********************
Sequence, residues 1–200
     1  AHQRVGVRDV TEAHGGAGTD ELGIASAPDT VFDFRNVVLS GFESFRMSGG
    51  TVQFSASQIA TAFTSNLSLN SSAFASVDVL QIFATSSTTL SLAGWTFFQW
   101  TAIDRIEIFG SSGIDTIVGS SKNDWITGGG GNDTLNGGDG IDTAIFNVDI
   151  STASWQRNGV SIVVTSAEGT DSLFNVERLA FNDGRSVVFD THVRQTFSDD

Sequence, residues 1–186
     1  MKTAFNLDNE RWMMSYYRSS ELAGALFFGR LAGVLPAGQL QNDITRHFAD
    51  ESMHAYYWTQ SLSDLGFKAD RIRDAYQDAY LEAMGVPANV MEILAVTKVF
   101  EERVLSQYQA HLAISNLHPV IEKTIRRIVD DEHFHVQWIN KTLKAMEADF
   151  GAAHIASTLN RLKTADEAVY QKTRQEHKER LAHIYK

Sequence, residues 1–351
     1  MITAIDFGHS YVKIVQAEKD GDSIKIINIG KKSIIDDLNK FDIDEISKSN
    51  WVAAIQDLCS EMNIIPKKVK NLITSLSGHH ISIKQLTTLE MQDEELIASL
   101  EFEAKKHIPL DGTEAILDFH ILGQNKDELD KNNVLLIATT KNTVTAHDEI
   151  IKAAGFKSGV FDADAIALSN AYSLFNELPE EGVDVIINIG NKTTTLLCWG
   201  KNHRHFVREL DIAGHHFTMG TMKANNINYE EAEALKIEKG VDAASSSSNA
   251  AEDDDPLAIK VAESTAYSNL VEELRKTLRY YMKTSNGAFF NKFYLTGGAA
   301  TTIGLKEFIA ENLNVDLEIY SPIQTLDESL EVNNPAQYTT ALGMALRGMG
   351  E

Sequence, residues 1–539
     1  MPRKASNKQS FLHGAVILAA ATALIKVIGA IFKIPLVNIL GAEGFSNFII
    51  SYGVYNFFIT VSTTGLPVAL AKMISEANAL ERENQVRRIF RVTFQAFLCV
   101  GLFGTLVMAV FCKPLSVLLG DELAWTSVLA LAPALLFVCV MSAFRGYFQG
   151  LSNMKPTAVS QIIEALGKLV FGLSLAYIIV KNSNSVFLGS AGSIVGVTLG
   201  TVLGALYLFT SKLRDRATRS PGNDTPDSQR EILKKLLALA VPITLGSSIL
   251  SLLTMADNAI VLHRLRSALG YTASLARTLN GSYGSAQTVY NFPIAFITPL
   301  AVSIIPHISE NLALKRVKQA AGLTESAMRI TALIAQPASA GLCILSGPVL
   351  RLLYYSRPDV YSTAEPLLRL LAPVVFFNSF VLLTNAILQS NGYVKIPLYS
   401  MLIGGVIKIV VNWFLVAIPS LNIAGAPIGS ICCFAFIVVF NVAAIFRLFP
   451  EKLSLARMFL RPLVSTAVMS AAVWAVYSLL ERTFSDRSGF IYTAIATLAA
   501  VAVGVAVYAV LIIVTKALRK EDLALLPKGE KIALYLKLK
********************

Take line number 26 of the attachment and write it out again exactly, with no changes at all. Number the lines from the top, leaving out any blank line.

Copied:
   251  SLLTMADNAI VLHRLRSALG YTASLARTLN GSYGSAQTVY NFPIAFITPL